Browse Subject Areas

Click through the PLOS taxonomy to find articles in your field.

For more information about PLOS Subject Areas, click here.

  • Loading metrics

Therapy with Sodium Stibogluconate in Stearylamine-Bearing Liposomes Confers Cure against SSG-Resistant Leishmania donovani in BALB/c Mice

  • Jayeeta Roychoudhury ,

    Contributed equally to this work with: Jayeeta Roychoudhury, Roma Sinha

    Current address: Department of Ophthalmology and Visual Sciences, Washington University School of Medicine, St. Louis, Missouri, United States of America

    Affiliation Infectious Diseases and Immunology Division, Indian Institute of Chemical Biology, Jadavpur, Kolkata, India

  • Roma Sinha ,

    Contributed equally to this work with: Jayeeta Roychoudhury, Roma Sinha

    Affiliation Infectious Diseases and Immunology Division, Indian Institute of Chemical Biology, Jadavpur, Kolkata, India

  • Nahid Ali

    Affiliation Infectious Diseases and Immunology Division, Indian Institute of Chemical Biology, Jadavpur, Kolkata, India

Therapy with Sodium Stibogluconate in Stearylamine-Bearing Liposomes Confers Cure against SSG-Resistant Leishmania donovani in BALB/c Mice

  • Jayeeta Roychoudhury, 
  • Roma Sinha, 
  • Nahid Ali



Resistance of Leishmania donovani to pentavalent antimonials, the first-line treatment of visceral leishmaniasis (VL), has become a critical issue worldwide. Second-line and new drugs are also not devoid of limitations. Suitable drug-delivery systems can improve the mode of administration and action of the existing antimonials, thus increasing their clinical life.

Methodology/Principal Findings

We investigated the efficacy of sodium stibogluconate (SSG) in phosphatidylcholine (PC)–stearylamine-bearing liposomes (PC-SA-SSG), PC-cholesterol liposomes (PC-Chol-SSG) and free amphotericin B (AmB) against SSG-resistant L. donovani strains in 8-wk infected BALB/c mice. Animals were sacrificed and parasites in liver, spleen and bone marrow were estimated 4-wk post-treatment by microscopic examination of stamp smears and limiting dilution assay. A set of PC-SA-SSG and AmB treated mice were further studied for protection against reinfection. Serum antibodies and cytokine profiles of ex-vivo cultured splenocytes were determined by ELISA. Uptake of free and liposomal SSG in intracellular amastigotes was determined by atomic absorption spectroscopy. Rhodamine 123 and 5-carboxyfluorescein, known substrates of Pgp and MRP transporter proteins, respectively, were used in free and liposomal forms for efflux studies to estimate intracellular drug retention. Unlike free and PC-Chol-SSG, PC-SA-SSG was effective in curing mice infected with two differentially originated SSG-unresponsive parasite strains at significantly higher levels than AmB. Successful therapy correlated with complete suppression of disease-promoting IL-10 and TGF-β, upregulation of Th1 cytokines and expression of macrophage microbicidal NO. Cure due to elevated accumulation of SSG in intracellular parasites, irrespective of SSG-resistance, occurs as a result of increased drug retention and improved therapy when administered as PC-SA-SSG versus free SSG.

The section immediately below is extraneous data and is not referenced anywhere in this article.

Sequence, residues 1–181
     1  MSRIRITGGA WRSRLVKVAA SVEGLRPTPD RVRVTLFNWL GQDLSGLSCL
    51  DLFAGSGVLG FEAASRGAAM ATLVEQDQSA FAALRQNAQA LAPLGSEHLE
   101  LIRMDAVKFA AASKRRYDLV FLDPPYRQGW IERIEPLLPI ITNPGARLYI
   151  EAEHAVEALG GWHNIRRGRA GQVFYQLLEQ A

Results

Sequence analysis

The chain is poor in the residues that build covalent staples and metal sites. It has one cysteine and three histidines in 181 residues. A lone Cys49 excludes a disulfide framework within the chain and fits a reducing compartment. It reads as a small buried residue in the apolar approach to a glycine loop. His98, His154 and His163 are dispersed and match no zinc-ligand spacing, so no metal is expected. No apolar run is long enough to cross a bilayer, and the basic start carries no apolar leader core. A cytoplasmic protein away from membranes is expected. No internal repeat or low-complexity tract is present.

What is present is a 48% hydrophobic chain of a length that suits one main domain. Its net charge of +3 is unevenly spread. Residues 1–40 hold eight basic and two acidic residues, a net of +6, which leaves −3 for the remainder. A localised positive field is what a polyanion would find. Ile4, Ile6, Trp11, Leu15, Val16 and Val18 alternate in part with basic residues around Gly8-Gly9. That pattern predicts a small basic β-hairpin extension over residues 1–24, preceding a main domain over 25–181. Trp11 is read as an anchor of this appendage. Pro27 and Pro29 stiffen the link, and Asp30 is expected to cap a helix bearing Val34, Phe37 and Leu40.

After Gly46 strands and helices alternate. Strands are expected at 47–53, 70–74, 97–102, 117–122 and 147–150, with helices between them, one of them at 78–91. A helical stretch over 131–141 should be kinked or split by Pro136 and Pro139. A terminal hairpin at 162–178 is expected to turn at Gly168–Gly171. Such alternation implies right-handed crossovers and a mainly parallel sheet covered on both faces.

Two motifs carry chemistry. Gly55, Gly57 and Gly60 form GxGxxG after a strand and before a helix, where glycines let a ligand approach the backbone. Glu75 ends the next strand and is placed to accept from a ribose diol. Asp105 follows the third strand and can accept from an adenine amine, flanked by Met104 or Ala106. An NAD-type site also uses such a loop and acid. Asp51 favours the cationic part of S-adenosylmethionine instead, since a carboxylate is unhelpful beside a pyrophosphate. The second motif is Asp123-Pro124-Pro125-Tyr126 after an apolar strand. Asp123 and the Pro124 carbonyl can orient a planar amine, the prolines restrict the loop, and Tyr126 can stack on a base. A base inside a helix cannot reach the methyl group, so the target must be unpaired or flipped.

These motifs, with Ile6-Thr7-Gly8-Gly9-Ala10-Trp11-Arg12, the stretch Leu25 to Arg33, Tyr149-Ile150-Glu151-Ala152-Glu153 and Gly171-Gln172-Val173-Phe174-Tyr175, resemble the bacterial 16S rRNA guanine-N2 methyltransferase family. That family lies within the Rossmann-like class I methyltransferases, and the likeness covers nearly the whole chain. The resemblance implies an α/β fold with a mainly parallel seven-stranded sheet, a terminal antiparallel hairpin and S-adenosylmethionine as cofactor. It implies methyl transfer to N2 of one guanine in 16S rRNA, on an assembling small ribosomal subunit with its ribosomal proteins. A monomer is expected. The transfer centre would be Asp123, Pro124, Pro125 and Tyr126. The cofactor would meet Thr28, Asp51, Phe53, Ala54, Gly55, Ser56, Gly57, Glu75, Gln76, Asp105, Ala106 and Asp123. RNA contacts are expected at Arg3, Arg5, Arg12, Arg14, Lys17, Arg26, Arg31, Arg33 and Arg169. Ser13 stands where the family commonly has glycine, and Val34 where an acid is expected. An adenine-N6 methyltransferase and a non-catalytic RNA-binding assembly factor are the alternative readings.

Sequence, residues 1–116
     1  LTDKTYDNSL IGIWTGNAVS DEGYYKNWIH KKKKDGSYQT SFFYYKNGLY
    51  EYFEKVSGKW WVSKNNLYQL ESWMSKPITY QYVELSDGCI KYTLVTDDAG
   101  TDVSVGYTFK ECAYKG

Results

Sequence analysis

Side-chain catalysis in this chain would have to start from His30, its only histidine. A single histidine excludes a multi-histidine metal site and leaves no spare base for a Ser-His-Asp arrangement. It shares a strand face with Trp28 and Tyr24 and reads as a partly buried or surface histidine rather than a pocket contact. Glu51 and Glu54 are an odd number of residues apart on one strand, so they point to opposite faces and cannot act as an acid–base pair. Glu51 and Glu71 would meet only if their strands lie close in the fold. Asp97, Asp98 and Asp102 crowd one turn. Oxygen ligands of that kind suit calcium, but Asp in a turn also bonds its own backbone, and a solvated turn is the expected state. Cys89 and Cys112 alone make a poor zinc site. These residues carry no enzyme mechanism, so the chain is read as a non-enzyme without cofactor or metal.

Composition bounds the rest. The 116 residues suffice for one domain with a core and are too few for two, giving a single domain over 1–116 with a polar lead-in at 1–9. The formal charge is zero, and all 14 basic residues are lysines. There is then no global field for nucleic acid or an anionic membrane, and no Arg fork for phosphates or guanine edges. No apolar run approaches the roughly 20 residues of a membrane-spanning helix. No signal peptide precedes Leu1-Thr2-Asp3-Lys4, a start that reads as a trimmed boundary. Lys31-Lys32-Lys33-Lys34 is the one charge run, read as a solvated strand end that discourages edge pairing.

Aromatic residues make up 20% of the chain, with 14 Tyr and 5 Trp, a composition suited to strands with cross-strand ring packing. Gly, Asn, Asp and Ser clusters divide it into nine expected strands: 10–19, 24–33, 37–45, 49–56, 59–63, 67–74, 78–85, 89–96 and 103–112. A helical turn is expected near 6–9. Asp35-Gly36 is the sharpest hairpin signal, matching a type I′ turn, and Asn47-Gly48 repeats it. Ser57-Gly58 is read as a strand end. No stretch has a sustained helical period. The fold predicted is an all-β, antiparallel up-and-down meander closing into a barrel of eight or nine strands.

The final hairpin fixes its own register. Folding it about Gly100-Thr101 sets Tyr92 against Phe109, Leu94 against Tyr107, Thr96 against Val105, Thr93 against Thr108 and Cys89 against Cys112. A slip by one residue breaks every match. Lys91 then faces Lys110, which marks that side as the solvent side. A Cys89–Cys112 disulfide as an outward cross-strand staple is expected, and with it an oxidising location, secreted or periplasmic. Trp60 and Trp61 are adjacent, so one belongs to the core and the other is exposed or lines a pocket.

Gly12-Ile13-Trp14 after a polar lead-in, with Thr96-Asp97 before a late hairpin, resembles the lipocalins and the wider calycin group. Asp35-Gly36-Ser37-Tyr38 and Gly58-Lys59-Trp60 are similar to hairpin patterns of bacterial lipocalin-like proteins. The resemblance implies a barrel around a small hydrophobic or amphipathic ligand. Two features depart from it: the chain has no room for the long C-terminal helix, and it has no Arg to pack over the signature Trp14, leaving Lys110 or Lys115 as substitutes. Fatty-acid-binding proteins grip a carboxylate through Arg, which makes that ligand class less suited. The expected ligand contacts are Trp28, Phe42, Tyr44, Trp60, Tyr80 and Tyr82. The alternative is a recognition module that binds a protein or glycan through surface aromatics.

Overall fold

The design of this single-dose combination therapy with PC-SA-SSG for VL, having reduced toxicity and long-term efficacy, irrespective of SSG-sensitivity may prove promising, not only to overcome SSG-resistance in Leishmania, but also for drugs with similar resistance-related problems in other diseases.